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Sep 1, 2011 01:26 PM

Sniffing Your Glasses

This thread was inspired by the one about Seasoning the Glasses.

Years ago, when I led my first tour of Burgundy, we spent a day with the folks at the Burgundy Wine School. We started out with a basic tasting class. The leader started us off by saying everyone should pick up their empty glass and sniff.

I thought I knew thing or two about wine, but had never heard (nor thought) of this before. He said one could eliminate much of the "off" wine because sniffing the empty glass can easily reveal soap residue and other off aromas. One of my travelers said she smelled nothing, and the leader said that was what she wanted to smell.

So interesting. and it has, over the years, saved many an "accident" especially in restaurants. I try to grab the glass before the waiter (or sommelier) has poured any wine into it and sniff. Lots of waitstaff roll their eyes, but hey! it works. ;)

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  1. It's a great idea, but I often forget. Your thread will hopefully serve as a reminder to me.

    1. Sniffing the empty wine glass, was a concept that Georg Riedel first exposed me to, and for the same reason, as the person, who led your tasting group. You want NOTHING from that glass. Mr. Riedel told me that mine had dust, but in Arizona, that comes with the territory, though all are stored behind glass - though obviously not hermetically sealed.

      The concept of "seasoning the glass," is one that I normally only encounter with some Italian importers and distributors. I feel that, depending on the setup of a tasting, it can be a very important aspect of tasting the wines. I have asked for this to be done at many trade tastings, only to have really odd looks from the rep. pouring. One went so far as to comment, "we cannot afford to pour any wine, just to season your glass," to which I replied, "then I will not be buying any of your wines, so there is a big trade-off here." Even if one is only pouring a 2 oz. pour, a 1/2 oz. to get the glass ready, and especially if there have been any other wines in the glass, is a tiny price to pay.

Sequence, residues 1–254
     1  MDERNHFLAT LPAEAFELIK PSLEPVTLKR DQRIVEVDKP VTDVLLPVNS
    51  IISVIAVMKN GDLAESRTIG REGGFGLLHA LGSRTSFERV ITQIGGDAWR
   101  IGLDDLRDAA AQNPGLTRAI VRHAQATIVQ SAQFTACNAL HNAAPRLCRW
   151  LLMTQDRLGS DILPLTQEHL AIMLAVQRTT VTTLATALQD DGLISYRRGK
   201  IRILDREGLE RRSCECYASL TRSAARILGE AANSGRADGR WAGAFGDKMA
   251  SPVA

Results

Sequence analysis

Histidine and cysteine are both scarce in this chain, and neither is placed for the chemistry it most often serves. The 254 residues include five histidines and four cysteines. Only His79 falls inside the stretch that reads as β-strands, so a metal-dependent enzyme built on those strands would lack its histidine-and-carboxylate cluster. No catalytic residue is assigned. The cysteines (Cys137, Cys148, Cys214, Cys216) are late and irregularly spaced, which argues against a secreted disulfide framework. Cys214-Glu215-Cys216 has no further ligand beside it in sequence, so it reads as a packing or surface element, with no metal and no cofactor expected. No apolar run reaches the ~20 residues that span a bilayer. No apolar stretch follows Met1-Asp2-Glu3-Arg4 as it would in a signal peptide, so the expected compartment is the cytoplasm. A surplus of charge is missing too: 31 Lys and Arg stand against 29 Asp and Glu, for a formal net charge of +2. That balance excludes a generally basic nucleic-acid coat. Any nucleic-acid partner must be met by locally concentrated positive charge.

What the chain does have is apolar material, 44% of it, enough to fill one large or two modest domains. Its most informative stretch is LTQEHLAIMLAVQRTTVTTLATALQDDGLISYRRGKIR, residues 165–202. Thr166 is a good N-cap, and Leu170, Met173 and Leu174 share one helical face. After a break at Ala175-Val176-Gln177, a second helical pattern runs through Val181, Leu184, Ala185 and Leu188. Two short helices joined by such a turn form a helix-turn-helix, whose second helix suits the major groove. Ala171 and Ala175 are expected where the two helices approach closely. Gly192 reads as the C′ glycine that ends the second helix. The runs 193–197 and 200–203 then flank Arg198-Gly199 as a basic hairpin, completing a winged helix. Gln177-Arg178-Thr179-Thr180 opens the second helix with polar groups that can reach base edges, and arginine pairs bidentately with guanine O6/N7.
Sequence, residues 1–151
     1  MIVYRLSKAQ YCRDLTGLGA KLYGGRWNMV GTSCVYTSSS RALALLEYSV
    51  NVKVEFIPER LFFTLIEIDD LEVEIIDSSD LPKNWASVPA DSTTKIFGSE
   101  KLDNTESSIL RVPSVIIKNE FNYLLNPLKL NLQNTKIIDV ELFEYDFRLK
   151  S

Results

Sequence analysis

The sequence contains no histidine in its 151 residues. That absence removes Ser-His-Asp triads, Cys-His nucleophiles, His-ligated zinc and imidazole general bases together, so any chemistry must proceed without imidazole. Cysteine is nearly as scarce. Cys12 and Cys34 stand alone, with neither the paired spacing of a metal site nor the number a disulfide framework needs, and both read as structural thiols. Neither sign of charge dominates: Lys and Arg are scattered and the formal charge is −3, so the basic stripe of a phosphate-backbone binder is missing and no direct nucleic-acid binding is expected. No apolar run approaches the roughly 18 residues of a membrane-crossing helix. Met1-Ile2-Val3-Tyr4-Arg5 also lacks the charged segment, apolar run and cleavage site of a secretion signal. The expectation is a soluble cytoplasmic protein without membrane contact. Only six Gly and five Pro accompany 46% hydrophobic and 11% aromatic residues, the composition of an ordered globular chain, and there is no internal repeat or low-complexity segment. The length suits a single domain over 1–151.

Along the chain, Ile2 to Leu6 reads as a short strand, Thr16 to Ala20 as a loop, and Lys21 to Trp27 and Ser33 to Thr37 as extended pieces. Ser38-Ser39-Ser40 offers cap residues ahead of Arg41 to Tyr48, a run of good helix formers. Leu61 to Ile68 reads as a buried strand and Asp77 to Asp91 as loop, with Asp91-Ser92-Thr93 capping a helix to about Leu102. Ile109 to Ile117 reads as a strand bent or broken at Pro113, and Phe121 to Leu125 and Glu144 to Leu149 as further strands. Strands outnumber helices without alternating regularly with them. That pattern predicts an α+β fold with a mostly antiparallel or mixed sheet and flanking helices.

I once rinsed my glass at a winery tasting, and the winemaker took it from my hand, replacing it with a fresh glass. "I do not want you to have any water in the glass with any of my wines. They should each be served in a fresh glass!" I quickly saw his point.

      Guess that it depends on how serious one is, about presenting their wines. Some - not so much.


      1. Always do it. On a couple of other boards years ago, I've told a story about thinking I had a corked bottle of wine at a restaurant in Boston. But the wine in my wife's glass was fine as compared to the same wine in my glass. Turns out a mildew-y dishtowel was the culprit. Ever since, I smell the empty glass.

        1. Sage advice. The insufficiently rinsed wine glass is terrible thing to encounter. It is odd but relatively simple to have remedied in a bar/restaurant. I find bit more tact to be necessary when at someone's house - especially after they insist upon telling you how "you're goin' to love this wine."

          1 Reply
          1. re: MGZ

            I find sanitizer in wine glasses all too often. Hit a really bad stretch at Drago's at the Hilton in New Orleans. Even after I complained, and went to the bar for new glasses and wine, I could smell it, as each glass was lifted. Some places either do not know, or do not care.


          2. I always sniff. At good friends' houses, I've even gone to the length of washing out the glass first and drying with a paper towel (95% of the way) and air (final 5%). Yes, the paper towel imparts some characteristics, but it's better than soap or dishtowel residue IMO.